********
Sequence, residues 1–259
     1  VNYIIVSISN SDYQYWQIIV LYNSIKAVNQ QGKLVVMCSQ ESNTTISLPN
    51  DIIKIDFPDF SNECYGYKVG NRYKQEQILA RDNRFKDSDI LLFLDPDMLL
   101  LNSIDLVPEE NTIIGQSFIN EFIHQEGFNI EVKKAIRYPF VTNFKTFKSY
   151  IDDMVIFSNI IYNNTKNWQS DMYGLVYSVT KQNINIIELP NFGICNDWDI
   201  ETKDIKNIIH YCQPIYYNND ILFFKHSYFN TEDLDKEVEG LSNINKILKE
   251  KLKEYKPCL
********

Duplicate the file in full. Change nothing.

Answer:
Sequence, residues 1–259
     1  VNYIIVSISN SDYQYWQIIV LYNSIKAVNQ QGKLVVMCSQ ESNTTISLPN
    51  DIIKIDFPDF SNECYGYKVG NRYKQEQILA RDNRFKDSDI LLFLDPDMLL
   101  LNSIDLVPEE NTIIGQSFIN EFIHQEGFNI EVKKAIRYPF VTNFKTFKSY
   151  IDDMVIFSNI IYNNTKNWQS DMYGLVYSVT KQNINIIELP NFGICNDWDI
   201  ETKDIKNIIH YCQPIYYNND ILFFKHSYFN TEDLDKEVEG LSNINKILKE
   251  KLKEYKPCL